Igneous Etude for String Trio

The Serenade Trio decided that their program needed a piece that went completely against the grain of the usual style of the rest of their repertoire, so they asked me to devise something for them. The result was Igneous Etude; the word play of the title may be readily deciphered by the geologically erudite. Igneous is the adjective describing one of the three kinds of rock (the others being sedimentary and metamorphic). The piece, then is an etude in rock style (jazz-rock, to be precise) for the members of the orchestra who are least likely to have had such an experience.

Igneous Etude begins deceptively, lulling the audience into the feeling that a lovely but somewhat lugubrious lullaby-esque piece is under way (the very alert listener may spot the use of the blues scale here, foreshadowed though camouflaged). The fermata seems to indicate that further sleepy music is in store, when in fact seat belts and crash helmets are in order for both the players and the audience. Beginning with a unison loud and classically forbidden toe tap to set the breakneck tempo, the strings are off and running with a brash and heavily accented fortissimo. They are required to use every extended technique in the book – pizzicato, col legno, tapping the instrument, strumming the strings, left hand damping, and so on – as they create the raw power, pulse, and percussive pizzazz of a jazz-rock ensemble, albeit unamplified. After establishing the recurring rock ritornello, each player in turn gets to flaunt his or her rock chops in flashy, death-defying solos, with the ritornello supplying brief punctuation in between. A fourth solo follows the individual solos: it is a drum solo, played by the whole ensemble using an intricate overlapping rhythmic polyphony of percussive effects. What will they think of next?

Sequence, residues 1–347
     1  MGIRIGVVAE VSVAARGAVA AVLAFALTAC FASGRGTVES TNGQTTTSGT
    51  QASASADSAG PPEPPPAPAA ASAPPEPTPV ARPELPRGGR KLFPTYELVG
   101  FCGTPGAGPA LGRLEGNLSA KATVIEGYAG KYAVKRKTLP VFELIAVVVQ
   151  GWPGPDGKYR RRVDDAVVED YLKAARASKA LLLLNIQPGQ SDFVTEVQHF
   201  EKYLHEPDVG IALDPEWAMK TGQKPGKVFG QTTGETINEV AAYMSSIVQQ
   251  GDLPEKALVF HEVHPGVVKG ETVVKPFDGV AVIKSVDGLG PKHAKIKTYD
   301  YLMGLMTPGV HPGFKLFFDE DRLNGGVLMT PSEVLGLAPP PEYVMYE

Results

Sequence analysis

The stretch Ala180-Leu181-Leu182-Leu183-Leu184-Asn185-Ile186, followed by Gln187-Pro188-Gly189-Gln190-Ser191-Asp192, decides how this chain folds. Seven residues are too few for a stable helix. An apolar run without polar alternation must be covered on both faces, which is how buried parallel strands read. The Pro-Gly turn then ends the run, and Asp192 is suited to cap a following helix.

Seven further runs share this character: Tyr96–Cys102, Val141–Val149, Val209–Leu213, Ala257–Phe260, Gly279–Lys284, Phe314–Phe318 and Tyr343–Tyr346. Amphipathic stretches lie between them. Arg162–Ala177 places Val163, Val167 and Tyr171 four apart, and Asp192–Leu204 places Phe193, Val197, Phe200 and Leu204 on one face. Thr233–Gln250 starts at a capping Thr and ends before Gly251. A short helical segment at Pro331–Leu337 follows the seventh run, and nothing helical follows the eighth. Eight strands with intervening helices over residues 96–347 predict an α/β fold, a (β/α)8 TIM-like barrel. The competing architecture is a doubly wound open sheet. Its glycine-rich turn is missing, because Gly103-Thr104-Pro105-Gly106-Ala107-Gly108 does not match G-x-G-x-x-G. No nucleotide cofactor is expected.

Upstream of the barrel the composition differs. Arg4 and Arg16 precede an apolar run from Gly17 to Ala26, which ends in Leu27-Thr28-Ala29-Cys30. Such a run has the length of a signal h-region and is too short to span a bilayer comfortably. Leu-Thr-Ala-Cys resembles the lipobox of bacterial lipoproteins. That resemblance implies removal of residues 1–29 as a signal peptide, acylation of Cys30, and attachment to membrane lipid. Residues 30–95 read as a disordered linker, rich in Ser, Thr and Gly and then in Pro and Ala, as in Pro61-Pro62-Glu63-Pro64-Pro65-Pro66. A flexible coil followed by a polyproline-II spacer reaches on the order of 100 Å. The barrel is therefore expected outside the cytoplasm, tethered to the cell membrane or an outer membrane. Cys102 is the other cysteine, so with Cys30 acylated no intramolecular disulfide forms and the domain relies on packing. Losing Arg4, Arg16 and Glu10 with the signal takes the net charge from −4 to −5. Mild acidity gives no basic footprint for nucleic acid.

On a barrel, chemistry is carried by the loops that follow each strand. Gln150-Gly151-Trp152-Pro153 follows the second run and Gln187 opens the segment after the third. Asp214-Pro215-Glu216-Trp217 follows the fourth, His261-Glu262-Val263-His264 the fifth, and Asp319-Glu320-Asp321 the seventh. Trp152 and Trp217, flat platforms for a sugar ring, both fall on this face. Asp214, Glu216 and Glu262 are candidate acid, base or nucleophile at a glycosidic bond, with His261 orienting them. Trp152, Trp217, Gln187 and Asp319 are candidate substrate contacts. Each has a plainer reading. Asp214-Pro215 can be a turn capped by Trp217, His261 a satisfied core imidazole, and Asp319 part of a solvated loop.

What indeed: suddenly the cello takes over, scratching out a pianissimo sul ponticello groove. The viola, in a style not unlike the pensive introduction, comes in with what turns out to be the theme of a blues fugato section. The violin answers at the fifth four bars later as the viola moves to an accompanying figure. The very classical-sounding transition leads without warning to a rollicking recapitulation of the rock ritornello, culminating in a fiery flamboyant finish, leaving listeners breathless and bedazzled.